Mexican president-elect Peña Nieto has a lot to ponder as he prepares to take the reins of the government on December 1st. Not the least of his challenges: how to deal with a military-style campaign against the drug cartels that has spun out of control.
For the past six years, outgoing President Felipe Calderón has waged a brutal war against the drug cartels in his country — a war that in 2011 alone saw approximately 12,000 people killed. There is some encouraging news, however, as Nieto has expressed that he is willing to consider alternative options to his country’s approach on marijuana prohibition.
Luis Videgaray, a top adviser to Nieto, signaled that the president-elect could be open new approaches in dealing with the out of control drug violence in Mexico. According to The Washington Post:
Videgaray is right to be wary of continuing the crack-down on marijuana smuggling from Mexico to the US. Every day Mexico — at the behest of the United States — sends soldiers into the remote regions of of the country to find and destroy cartel drug operations. But opinions on marijuana are changing rapidly, and with two states now having legalized marijuana, it is beginning to seem like an especially pointless exercise. Why should Nieto continue to send Mexican soldiers to their deaths to fight a war on drugs on behalf of the US, when in parts of the country they no longer enforce prohibition laws?
The graph below(credit, WikiMedia), shows just how devastating the tightening of drug policies under Felipe Calderón has been.
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It’s obvious that the policy of militantly pursuing drug cartels has taken an incredible toll when the metric is human capital. This is certainly discouraging, but surely getting tough on drug smuggling in Mexico has reduced abuse here in The States, right?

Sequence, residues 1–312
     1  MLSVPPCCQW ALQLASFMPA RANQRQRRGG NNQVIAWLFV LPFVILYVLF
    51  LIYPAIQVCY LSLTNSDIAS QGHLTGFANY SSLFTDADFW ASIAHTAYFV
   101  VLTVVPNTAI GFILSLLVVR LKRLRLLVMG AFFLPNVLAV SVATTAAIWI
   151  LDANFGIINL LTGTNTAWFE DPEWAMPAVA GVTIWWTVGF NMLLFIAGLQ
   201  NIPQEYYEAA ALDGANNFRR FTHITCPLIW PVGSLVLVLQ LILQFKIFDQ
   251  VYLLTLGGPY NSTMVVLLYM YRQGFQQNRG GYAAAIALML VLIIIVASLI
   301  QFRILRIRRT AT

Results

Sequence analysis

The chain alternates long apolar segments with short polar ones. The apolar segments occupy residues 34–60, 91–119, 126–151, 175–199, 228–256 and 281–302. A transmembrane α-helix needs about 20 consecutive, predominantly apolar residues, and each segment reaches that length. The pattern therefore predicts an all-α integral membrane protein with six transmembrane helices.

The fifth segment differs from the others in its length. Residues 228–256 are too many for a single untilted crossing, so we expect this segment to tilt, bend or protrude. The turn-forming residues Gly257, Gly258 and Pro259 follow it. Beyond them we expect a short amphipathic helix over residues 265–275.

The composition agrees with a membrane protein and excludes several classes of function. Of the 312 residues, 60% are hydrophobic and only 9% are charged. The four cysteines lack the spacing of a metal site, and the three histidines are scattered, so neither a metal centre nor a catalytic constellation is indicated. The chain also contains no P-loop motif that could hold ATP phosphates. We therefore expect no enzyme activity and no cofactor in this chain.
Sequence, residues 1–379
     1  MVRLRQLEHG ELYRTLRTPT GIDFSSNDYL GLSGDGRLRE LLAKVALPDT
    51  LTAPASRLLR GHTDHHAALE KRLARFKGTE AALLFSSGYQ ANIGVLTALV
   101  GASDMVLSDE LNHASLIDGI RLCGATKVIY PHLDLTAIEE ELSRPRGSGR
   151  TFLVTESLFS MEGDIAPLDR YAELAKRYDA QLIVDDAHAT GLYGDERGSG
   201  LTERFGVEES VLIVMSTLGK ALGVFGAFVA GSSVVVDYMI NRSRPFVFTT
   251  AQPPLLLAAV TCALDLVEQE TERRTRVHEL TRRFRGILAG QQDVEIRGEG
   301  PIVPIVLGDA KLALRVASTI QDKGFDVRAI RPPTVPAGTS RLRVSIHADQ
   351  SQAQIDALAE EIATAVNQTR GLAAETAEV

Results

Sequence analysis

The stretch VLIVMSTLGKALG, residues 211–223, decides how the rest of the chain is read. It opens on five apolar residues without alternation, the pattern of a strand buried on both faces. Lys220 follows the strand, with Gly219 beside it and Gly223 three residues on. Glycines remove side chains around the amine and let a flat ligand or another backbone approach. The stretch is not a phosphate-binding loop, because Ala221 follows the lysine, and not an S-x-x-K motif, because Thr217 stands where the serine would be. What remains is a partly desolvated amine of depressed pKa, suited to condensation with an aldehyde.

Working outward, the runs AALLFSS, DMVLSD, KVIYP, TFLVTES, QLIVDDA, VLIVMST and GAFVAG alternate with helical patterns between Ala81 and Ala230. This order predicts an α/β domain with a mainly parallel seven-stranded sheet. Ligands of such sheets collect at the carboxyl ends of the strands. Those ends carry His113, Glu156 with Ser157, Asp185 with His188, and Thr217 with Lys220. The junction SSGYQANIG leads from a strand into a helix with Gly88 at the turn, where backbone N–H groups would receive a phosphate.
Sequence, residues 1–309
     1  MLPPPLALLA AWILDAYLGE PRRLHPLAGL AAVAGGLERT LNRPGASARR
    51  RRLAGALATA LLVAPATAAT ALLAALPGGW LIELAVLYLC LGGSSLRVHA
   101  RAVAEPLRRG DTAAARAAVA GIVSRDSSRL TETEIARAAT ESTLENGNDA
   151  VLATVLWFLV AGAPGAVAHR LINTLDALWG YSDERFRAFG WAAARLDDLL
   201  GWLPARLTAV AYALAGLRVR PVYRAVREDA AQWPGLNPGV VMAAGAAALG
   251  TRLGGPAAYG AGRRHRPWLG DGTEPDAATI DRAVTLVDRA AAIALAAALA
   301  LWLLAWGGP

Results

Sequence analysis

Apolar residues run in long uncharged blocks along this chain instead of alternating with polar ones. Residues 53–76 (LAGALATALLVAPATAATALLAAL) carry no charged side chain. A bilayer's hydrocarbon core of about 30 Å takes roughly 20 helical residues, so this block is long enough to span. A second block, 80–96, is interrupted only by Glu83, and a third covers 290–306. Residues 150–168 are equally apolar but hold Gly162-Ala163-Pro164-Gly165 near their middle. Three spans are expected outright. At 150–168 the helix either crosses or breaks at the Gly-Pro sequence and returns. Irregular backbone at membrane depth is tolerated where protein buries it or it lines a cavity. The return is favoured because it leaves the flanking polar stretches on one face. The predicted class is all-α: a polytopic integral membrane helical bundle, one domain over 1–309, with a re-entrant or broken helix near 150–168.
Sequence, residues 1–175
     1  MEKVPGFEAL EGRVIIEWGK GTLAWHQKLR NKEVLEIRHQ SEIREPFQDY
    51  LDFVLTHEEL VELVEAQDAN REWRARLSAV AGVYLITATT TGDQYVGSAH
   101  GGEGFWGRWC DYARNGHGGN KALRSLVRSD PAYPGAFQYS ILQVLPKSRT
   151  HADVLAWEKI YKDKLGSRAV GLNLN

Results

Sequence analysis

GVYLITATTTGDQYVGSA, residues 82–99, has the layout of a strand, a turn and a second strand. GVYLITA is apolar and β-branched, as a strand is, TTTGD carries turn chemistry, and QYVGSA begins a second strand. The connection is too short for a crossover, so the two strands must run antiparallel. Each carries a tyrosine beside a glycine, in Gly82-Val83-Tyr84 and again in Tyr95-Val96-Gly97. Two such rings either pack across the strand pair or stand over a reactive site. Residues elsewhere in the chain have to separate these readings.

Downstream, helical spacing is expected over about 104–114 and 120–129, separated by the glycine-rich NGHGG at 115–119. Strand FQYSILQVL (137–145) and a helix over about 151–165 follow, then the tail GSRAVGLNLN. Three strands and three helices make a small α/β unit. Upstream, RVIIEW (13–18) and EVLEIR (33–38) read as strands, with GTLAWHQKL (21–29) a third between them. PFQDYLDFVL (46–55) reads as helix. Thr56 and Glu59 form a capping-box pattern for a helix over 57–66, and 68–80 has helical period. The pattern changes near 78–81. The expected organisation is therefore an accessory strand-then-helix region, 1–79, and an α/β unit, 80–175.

As it turns out, it hasn’t. As you can see there has been a slight decline in drug arrests here in The States since Calderón’s ascension to the presidency, but this has much more to do with recessionary pressures than anything else. Consumption of most everything declines in hard economic times, and I am sure this correlation surprises no one. Not to mention, that either way, it’s hardly enough of a drop off to justify the costs in human lives.
So what is Mexico to do in order to stop this disturbing trend? The simplest solution would be to tell the United States to fight its own war. If America would like to continue a campaign against people’s personal freedoms, then it should be America that suffers the consequences. As the world’s largest consumer of drugs, this is our problem, not Mexico’s.
Unfortunately, it is highly unlikely Nieto would be willing to consider a complete cessation of the disgraceful war on drugs. The US applies an incredible amount of pressure to keep the status quo, and there is little chance of that changing anytime soon.
But with the legalization of marijuana in two US states — as well as a general relaxation of law enforcement attitudes regarding the issue — Mexico is sure to at least re-evaluate its stance on drug policies. The most effective policy they could adopt: legalization. Not just of marijuana, but all drugs. It really is the only way; as long as there are illegal drugs, there will be an illegal — not to mention violent — drug trade.
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